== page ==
The demise of Kids Company was one of the saddest and most shocking events of 2015 for those who have taken an interest in the charity and sought its help over the 20 years since it began.
A place for deprived and vulnerable inner-city children to seek safety, food, education and lots more, the London organisation acted as a parallel social services to thousands of young people, with founder Camila Batmanghelidjh as its driving force.
She had the support of David Cameron, and plenty more friends and supporters in high places, but last year Batmanghelidjh and her team found themselves at the centre of a media storm, faced with allegations of mismanagement and misspent government money. And then, amazingly, the charity closed.
So how on earth did it all go so very wrong? BBC1’s documentary, Camila’s Kids Company: the Inside Story, is a fascinating look at the charity’s downfall, with filmmaker Lynn Alleway gaining brilliant access to Batmanghelidjh. She first filmed the founder ten years ago and has now returned to see how dramatically things have changed.
What emerges from the film is that Batmanghelidjh, who laughs and cries at different points during the film, is absolutely committed to the charity — there is no doubt about how desperate she is to improve children’s lives, and she comes across as a force of nature who cares deeply about social justice.
But after that, things get a bit tricky.
“Realism never got anyone anywhere,” Batmanghelidjh chuckles to Alleway, a hint of steel behind her smile. “It’s creativity and imagination.” They’re inspiring words – but sadly, they’re not entirely true because it’s that lack of realism that seems to have caused the charity’s downfall.
There is a sense throughout the film that the founder believes her work for the kids will always win out — money will come through as long as she works hard enough to get it, just as long as she keeps her spirit and principles alive. And if it’s to help the kids, no expense at all should be spared. It’s a wonderful view, but perhaps too unrealistic for an organisation with £46m public funding over the last 15 years and hundreds of staff.
But then, as much as Batmanghelidjh might have been in denial about Kids Company’s future, she was also the victim of a witch-hunt — unfounded allegations of sexual abuse in the organisation, since investigated and disproved by the Met, and front page articles portraying her as some sort of morally-confused money-grabbing fantasist.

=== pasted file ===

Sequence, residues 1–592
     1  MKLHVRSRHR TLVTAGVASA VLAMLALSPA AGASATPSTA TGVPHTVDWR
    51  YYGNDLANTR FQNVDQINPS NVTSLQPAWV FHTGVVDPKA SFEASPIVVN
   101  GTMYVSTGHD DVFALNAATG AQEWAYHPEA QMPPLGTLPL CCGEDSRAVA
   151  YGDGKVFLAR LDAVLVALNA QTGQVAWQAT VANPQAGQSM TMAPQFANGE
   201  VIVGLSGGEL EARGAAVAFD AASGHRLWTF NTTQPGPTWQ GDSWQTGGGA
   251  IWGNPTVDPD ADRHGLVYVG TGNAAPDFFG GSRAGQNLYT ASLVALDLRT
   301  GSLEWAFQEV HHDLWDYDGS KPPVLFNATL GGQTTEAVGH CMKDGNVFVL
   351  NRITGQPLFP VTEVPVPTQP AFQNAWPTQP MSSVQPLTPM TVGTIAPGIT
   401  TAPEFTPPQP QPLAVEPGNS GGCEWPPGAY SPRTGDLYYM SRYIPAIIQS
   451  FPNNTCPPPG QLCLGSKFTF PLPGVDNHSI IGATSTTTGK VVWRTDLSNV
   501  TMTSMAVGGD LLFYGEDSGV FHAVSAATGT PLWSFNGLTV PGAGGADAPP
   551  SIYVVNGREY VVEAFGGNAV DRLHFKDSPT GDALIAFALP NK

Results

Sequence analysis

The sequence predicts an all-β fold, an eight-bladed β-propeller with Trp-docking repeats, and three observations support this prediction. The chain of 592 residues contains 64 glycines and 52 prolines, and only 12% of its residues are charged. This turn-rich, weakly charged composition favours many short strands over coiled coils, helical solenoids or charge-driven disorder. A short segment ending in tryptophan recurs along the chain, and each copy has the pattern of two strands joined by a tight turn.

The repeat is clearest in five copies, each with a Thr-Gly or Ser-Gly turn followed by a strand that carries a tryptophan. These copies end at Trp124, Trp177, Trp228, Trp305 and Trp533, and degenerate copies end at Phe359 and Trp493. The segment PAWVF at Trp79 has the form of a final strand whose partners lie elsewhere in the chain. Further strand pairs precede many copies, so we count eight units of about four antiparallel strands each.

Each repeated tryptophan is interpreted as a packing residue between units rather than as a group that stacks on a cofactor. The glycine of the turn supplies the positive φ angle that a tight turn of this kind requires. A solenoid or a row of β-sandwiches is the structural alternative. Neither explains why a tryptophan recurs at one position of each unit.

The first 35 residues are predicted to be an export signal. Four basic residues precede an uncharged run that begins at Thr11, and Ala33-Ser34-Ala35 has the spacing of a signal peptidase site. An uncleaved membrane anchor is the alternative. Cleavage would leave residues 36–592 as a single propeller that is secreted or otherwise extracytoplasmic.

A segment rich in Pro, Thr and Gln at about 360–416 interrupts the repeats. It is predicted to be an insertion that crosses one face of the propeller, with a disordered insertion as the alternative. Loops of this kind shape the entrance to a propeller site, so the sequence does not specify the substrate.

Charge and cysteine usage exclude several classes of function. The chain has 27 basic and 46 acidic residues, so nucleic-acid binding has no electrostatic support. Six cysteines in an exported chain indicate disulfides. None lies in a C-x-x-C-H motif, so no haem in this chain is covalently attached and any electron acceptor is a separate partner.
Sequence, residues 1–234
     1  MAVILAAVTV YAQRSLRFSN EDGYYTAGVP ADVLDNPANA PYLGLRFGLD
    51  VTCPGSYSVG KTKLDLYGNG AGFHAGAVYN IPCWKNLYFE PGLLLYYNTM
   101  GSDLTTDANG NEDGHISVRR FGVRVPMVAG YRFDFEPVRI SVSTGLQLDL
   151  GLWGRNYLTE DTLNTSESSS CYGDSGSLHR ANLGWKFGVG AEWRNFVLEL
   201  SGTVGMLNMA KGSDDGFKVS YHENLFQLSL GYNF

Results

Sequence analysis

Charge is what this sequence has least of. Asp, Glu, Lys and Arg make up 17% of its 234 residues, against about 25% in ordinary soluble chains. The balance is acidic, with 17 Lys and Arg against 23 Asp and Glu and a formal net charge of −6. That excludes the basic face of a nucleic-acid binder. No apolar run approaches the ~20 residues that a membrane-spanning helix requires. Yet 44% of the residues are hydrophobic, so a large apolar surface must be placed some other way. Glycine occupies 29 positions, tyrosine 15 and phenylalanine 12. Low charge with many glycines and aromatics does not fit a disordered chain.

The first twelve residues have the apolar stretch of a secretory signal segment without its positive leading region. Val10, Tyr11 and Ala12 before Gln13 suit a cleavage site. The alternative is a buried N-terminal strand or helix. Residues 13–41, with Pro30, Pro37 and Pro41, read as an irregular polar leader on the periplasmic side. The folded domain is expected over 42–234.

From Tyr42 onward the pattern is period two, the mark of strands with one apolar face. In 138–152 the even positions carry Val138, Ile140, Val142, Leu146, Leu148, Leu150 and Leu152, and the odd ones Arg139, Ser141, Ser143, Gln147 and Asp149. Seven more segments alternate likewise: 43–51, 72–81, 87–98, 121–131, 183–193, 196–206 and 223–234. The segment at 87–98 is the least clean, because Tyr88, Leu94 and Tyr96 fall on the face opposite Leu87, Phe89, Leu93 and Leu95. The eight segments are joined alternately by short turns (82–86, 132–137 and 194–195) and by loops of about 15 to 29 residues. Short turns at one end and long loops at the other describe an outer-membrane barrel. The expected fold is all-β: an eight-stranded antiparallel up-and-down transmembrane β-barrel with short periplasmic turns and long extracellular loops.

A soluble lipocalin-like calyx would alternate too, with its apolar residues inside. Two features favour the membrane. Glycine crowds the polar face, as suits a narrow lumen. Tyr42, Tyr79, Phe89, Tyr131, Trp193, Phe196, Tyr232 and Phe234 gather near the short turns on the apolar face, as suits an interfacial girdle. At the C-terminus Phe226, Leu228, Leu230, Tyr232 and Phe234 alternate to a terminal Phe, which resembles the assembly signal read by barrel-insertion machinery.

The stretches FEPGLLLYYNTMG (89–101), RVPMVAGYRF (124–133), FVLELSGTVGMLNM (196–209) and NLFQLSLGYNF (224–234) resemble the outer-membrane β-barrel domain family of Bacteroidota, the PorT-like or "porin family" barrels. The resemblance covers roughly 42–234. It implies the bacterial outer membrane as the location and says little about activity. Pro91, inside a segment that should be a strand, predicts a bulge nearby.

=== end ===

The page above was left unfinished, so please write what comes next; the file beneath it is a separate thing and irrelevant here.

And what about the BBC’s very own Alan Yentob? The charity’s chair of trustees was noticeably silent in public throughout the media storm until he finally spoke out and quit his BBC executive job.
As the Corporation’s then creative director, he was accused of trying to influence BBC journalism when he accompanied Batmanghelidjh to an interview on Radio 4’s Today programme. The PACAC report published earlier this week found that Yentob’s evidence to the Committee suggested “a lack of proper attention to his duties as Chair of Trustees” and in Alleway’s film he comes across as a rather hands-off, absent boss of the dysfunctional Kids Company, barely featured in any of the documentary’s footage with Batmanghelidjh.
But wherever the blame really lies, it’s clear how awful the charity’s demise is for many of the families who relied upon it. The scenes of its closure are desperately sad — adults crying over the loss of their food vouchers, bus pass money, safe spaces for their children after school. And several of those kids, who have been rather absent from the press coverage, appear on camera to tell their stories.
Of course, even more shocking than the Kids Company fiasco is the fact that there are such deprived, desperate children in money-swamped London in the first place. “It’s like we’re a third world country giving out aid,” says one staff member on the imminent closure of Kids Company. “It’s going to be devastating.”
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